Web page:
Hello Thursday!! How about some more photography tips?
Here is a picture right out of my camera.
Camera Settings (in manual): 1/200 f 2.5 ISO 1600 50 mm.
Why those settings? So glad you asked!
- ISO: 1600. It was inside, I was not very close to a window. So the ISO is on the high side. (and that is OK)
- f-stop 2.5…. normally I linger around 2.8 but I drop down a stop. You can see that Zooey’s face is in focus but her dress is not. If there would have been more background in the picture, instead of filling up the frame with he face, the background would have been blurry.
- Shutter Speed 1/200. Right before I snap my picture I use my Light Meter to pick my shutter speed. With an ISO of 1600 and f-stop of 2.5 my light meter was showing me that to be in the middle of the light meter, I needed my shutter speed to be on 1/200. That was an acceptable shutter speed to me. So I snapped the picture. If I didn’t like where the light meter was telling me to have my shutter, I would have gone back and adjusted my ISO. If I was at the top my ISO could go up, then I would have adjusted my f-stop down. The trick is to just travel around the triangle from ISO to f-stop to shutter until you find the right balance for the picture you are trying to take.
More on ISO. I adjust my ISO first before anything else. Why??? Because to me it is the easiest to guess what my setting should be. Memorize this:
- ISO 100 – outside and sunny
- ISO 200 – outside shade
- ISO 400 – outside deep shade or inside bright room (natural light. a.k.a windows)
- ISO 800 – inside not so bright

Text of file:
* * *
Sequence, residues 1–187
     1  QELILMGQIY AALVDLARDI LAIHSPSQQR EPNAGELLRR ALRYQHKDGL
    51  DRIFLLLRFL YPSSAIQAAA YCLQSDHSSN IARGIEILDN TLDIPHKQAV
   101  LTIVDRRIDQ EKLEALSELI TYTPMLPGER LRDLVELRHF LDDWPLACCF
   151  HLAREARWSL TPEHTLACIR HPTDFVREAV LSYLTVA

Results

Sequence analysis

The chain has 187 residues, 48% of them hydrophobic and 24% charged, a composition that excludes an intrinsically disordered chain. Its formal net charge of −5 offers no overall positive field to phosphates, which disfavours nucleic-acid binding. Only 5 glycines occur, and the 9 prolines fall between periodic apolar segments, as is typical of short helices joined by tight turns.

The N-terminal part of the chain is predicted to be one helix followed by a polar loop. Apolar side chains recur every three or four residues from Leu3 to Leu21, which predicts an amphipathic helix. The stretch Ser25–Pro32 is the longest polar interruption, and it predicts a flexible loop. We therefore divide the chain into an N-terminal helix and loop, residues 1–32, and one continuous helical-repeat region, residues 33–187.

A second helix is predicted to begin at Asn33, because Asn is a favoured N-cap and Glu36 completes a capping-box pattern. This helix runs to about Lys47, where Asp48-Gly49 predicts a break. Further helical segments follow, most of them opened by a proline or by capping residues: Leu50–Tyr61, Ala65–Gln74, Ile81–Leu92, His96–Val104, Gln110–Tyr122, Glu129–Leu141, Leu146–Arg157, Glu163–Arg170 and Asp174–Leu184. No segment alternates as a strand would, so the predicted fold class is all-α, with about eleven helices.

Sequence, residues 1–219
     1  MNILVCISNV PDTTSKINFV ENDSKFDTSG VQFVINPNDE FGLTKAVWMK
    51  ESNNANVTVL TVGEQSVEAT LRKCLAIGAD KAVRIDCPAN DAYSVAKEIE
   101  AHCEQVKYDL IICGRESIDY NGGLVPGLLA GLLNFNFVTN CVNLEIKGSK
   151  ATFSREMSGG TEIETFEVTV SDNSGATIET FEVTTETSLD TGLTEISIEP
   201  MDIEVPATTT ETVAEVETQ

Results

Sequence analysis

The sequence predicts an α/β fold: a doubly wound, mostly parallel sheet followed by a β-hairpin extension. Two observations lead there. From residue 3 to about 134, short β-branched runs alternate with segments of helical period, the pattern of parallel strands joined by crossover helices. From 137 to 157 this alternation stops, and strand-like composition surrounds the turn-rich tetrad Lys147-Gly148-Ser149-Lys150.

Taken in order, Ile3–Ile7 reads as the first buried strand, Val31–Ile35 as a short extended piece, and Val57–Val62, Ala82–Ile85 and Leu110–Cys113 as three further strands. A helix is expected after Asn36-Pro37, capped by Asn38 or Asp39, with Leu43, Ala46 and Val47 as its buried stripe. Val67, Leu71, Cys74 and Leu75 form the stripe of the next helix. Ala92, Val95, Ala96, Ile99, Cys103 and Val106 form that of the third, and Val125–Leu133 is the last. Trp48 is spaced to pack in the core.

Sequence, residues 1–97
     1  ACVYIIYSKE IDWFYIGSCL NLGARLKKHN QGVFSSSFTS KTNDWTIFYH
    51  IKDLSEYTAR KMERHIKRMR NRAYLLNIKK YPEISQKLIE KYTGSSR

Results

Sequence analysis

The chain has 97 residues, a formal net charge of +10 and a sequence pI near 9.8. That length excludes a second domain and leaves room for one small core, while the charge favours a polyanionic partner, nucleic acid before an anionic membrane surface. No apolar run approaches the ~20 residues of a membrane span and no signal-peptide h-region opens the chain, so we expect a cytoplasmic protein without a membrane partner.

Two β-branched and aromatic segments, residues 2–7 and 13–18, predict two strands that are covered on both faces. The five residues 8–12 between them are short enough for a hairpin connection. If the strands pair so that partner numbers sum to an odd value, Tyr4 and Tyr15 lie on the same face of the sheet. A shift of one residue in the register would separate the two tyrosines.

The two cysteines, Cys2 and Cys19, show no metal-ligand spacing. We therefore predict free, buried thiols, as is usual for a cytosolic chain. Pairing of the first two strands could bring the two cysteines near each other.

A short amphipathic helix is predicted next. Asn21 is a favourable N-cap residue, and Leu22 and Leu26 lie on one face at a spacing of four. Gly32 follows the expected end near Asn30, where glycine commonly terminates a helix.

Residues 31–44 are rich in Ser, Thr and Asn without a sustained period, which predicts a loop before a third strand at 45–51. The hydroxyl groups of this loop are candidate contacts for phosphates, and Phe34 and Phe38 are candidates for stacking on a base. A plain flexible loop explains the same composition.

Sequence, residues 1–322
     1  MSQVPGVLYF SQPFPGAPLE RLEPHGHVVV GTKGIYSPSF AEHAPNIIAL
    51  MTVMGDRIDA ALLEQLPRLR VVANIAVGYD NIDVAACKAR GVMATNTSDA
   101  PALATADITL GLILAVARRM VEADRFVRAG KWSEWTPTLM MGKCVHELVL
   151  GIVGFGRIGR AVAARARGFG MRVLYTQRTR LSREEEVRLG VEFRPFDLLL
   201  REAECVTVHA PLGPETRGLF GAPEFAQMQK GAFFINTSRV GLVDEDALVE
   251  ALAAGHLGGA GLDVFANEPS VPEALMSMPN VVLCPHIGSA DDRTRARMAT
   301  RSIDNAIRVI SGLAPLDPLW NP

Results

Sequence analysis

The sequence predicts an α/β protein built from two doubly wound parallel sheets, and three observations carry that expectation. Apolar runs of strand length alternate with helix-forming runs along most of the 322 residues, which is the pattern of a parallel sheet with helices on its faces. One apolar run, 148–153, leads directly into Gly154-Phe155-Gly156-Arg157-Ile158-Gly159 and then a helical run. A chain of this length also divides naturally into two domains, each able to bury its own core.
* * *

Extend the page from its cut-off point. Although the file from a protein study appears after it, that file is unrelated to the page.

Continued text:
- ISO 1600 + – inside not much natural light at all.
In the picture above, I could have dropped my ISO down a bit, and had a slower shutter speed (although be aware of too slow of a shutter speed, it can cause blur if the subject or photographer moves!) The thing to remember the higher your ISO the more likely you are going to get grain/noise in your picture. Now sometimes you don’t have a choice (its either grain, or blur, or using the flash. I would rather have grain before blur. And I don’t use my flash) Sometimes you can fix that grain/noise during editing. Don’t be scared to up your ISO, but be aware of what a high ISO can do to quality of a picture.
Many times I will adjust my ISO as I carry my camera from inside to outside. Even when I am not actually shooting, but there might be the potential to shoot. That way it is ready to go when I want to snap a picture. I think ISO is the easiest manual setting to learn because you can just look around your environment and take an educated guess and most of the time you will guess right. Now, you might have to adjust it again before you snap the picture. But, follow the guide above and you will at least be in the ballpark before shooting.
Here is what the picture looked like with a little editing:
I added some exposure, black, clarity and vibrance in Lightroom to achieve the picture above.
For fun I also did a black and white version of the picture:
In this picture I also adjust the exposure slightly and clarity up. But I also adjusted the Fill Light setting to 39 and the Blacks setting to 18. (Also in Lightroom)
I would love to help you get better pictures with your DSLR! If you are local, I have started a Photo Coaching one-on-ones sessions under my photography business. If you are not local – well I have been kicking around the idea of an online type of workshop or coaching, I would love to know if there is any interest (leave me a comment). But until then, just leave questions for me in the comments section and I will try to answer them in my next photo tip post.
Happy Picture Taking!
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